Children’s Theatre ‘Annie’ to warm hearts in Dover

From left, Emily Peppard as President Roosevelt, Nate Barish as Dog Catcher, Emily DeMarie as Annie, Gracie Tuxward as Grace, and Anthony Quinene as Daddy Warbucks. (Delaware State News/Marc Clery)

DOVER — Everyone’s favorite orphan “Annie” comes to the Schwartz Center of the Arts this weekend, courtesy of the Children’s Theatre.

“I’ve had some pretty big roles but never one as well known as this one,” said Emily DeMarie, who plays the title character. “We’re doing the original Broadway version so it’s a little different than the movies but I’ve taken some inspiration from the movies.”

“We chose ‘Annie’ because it’s a good story with good characters and great music,” said Sharon Crossen, director of the show.

Just like the movie and stage versions, the story begins with Annie living in an orphanage for girls run by the mean-spirited, alcoholic Miss Hannigan.

When the billionaire, Oliver Warbucks, invites an orphan to spend the holidays at his mansion, Grace, his secretary, selects Annie. When Warbucks fails to find Annie’s parents, he decides to adopt her.

From left, Jude Quinene as Assistant Butler. Clare Qui, Avery Young and Alexia Nadel as maids, Evie Snyder as Cecille, Hadley Lewicki as Annette, Michaela Spangler as Mrs. Greer and Landon Lewicki as Drake. (Delaware State News/Marc Clery)

Is then when the evil Miss Hannigan, her ex-con brother, Rooster, and his ditzy girlfriend conspire to get the $50,000 reward from Daddy Warbucks

“It’s amazing how fast our scenes came together but we’ve all seen the movies so we knew the songs and when it’s a fun scene like ours, it’s easier to get good at it,” said Lily Truitt, 8, portraying the orphan Molly.

The orphans in the show range from ages 8 to 12 and their on-stage supervisor, Alexandra Cseke, 15, aka Miss Hannigan, loves giving them a hard time.

The banter goes both ways, with the orphans loving to annoy her.

“As the orphans, we get to be loud and annoying which is a lot of fun and I have a lot of experience because I have sister I love to annoy. So it really comes naturally to me,” said Abby Peppard, 9.

“I love this part because I almost always play the good guy so it’s fun to be a mean dark character every once in a while,” Alexandra said.

She embraces the over the top personality of Miss Hannigan and says the singing is her favorite part.

“I started singing when I was really young and that’s what got me into acting and now I try to get involved in everything musical theater,” she said.

Aside from taking center stage, one of Emily’s favorite parts of the production is singing the song “Tomorrow” alongside canine Sandy, after she sneaks out of the orphanage. Sandy is played by a golden doodle named Finley, who follows commands based on who’s handing out Pepperidge Farm Goldfish on stage.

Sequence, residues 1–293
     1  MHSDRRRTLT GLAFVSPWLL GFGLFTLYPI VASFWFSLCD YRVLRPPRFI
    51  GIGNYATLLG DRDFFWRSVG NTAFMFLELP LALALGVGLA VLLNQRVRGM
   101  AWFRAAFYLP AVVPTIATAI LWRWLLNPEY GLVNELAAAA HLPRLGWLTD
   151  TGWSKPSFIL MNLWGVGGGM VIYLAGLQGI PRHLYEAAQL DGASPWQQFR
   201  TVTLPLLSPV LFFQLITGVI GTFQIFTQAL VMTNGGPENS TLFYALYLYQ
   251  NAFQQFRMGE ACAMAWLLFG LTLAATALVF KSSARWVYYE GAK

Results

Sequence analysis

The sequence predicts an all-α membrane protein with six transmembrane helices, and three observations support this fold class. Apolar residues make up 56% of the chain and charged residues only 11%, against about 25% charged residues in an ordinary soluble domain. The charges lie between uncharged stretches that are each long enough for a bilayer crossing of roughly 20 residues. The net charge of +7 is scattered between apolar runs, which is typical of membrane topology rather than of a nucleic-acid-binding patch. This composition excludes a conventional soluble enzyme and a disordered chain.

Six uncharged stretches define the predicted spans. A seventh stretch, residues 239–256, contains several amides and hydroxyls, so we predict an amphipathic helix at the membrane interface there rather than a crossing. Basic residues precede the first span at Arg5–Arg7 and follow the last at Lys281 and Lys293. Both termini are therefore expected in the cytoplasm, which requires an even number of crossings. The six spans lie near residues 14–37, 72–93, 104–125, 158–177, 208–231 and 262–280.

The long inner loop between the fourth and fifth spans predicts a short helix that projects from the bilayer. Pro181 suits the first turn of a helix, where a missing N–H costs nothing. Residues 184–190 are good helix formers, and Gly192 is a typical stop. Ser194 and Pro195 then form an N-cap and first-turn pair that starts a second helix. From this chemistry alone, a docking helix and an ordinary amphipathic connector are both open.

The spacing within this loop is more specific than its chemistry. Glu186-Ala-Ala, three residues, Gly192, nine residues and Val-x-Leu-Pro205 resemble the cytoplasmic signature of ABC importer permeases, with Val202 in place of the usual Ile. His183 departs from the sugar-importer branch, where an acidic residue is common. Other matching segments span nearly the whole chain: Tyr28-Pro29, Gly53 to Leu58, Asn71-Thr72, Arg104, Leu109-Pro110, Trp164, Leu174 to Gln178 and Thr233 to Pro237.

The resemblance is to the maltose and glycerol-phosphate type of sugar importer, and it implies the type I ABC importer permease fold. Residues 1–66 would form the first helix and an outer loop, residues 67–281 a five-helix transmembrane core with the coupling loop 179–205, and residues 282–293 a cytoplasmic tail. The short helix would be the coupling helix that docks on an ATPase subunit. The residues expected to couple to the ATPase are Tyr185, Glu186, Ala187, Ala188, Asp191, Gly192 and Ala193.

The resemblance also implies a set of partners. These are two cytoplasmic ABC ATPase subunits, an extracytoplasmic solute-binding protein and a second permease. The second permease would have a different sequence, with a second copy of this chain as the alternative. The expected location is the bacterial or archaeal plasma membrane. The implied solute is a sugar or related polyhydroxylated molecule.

“Even though ‘Hard Knock Life’ is probably the most famous song from the musical, I think ‘Tomorrow’ is my personal favorite,” Emily said.

And during the Dover St. Patrick’s Day parade, the cast performed the song and the crowd and judges loved it.

From left, Lillian Mandalas as July, Puiyee Kong as Kate, Jenna Clendaniel as Orphan 7, Lily Truitt as Molly, Emily DeMarir as Annie and Alexandra Cseke as Miss Hannigan. (Delaware State News/Marc Clery)

“We noticed along the parade route, was that so many in the crowd were singing along with us. ‘Annie’ was a hit with the judges, too, since we were awarded the Judge’s Favorite trophy,” Mrs. Crossen said.

Thirteen-year-old Emily Peppard is taking on a role unlike any she’s done before – she’s playing a man. But not any man, she’s playing President Franklin D. Roosevelt.

“It’s not that different than playing a female role because you’re always becoming someone different when you act but this time I’m wearing a suit instead of a dress,” she said. “I love history and I have always wanted to play a character based off a real person so I’m really excited about this role.”

For the second time since its official closing in June of 2017, The Children’s Theatre is performing at the Schwartz Center in downtown Dover, running every aspect of the show on its own.

“From box office to cleaning, to ushering, to getting lighting and sound professionals, we take on all responsibilities. Prior to this, we had to worry about the performances, costumes, makeup, transferring our sets, stage managing, and striking our sets. We do it all now, but it adds to our responsibilities, so it’s all hands on deck. We love having our kids performing there, so it’s worth the effort,” Ms. Crossen said.

The set for the show was a task on its own — more elaborate than any set in years. It was built from scratch by some dedicated dads and includes two staircases and an entire room of bunk beds.

“Annie” will be performed Saturday at 7 p.m. and Sunday at 2 p.m. at the Schwartz Center, 226 S. State St. in Dover. A showing for schools will take place on Monday and has already been sold out.

All seats are $10. Visit www.thechildrenstheatre.org to purchase tickets through the Eventbrite link.

Ashton Brown is a freelance writer living in Dover.

From left, Lillian Mandalas as July, Puiyee Kong as Kate and Cassiday Okonewski as Hooverville 4 (Delaware State News/Marc Clery)

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